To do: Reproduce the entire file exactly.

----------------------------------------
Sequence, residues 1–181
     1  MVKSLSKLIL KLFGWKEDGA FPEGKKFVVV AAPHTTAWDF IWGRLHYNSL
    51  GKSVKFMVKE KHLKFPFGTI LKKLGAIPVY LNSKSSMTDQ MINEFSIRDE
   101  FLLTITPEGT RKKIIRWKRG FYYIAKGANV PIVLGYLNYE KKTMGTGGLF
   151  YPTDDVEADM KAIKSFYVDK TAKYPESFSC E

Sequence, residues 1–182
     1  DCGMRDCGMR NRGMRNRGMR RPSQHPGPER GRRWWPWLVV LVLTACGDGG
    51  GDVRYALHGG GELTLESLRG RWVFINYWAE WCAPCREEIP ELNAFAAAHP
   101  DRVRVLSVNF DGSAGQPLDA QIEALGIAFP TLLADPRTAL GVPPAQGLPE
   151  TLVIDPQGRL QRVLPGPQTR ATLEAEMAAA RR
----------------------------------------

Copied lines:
Sequence, residues 1–181
     1  MVKSLSKLIL KLFGWKEDGA FPEGKKFVVV AAPHTTAWDF IWGRLHYNSL
    51  GKSVKFMVKE KHLKFPFGTI LKKLGAIPVY LNSKSSMTDQ MINEFSIRDE
   101  FLLTITPEGT RKKIIRWKRG FYYIAKGANV PIVLGYLNYE KKTMGTGGLF
   151  YPTDDVEADM KAIKSFYVDK TAKYPESFSC E

Sequence, residues 1–182
     1  DCGMRDCGMR NRGMRNRGMR RPSQHPGPER GRRWWPWLVV LVLTACGDGG
    51  GDVRYALHGG GELTLESLRG RWVFINYWAE WCAPCREEIP ELNAFAAAHP
   101  DRVRVLSVNF DGSAGQPLDA QIEALGIAFP TLLADPRTAL GVPPAQGLPE
   151  TLVIDPQGRL QRVLPGPQTR ATLEAEMAAA RR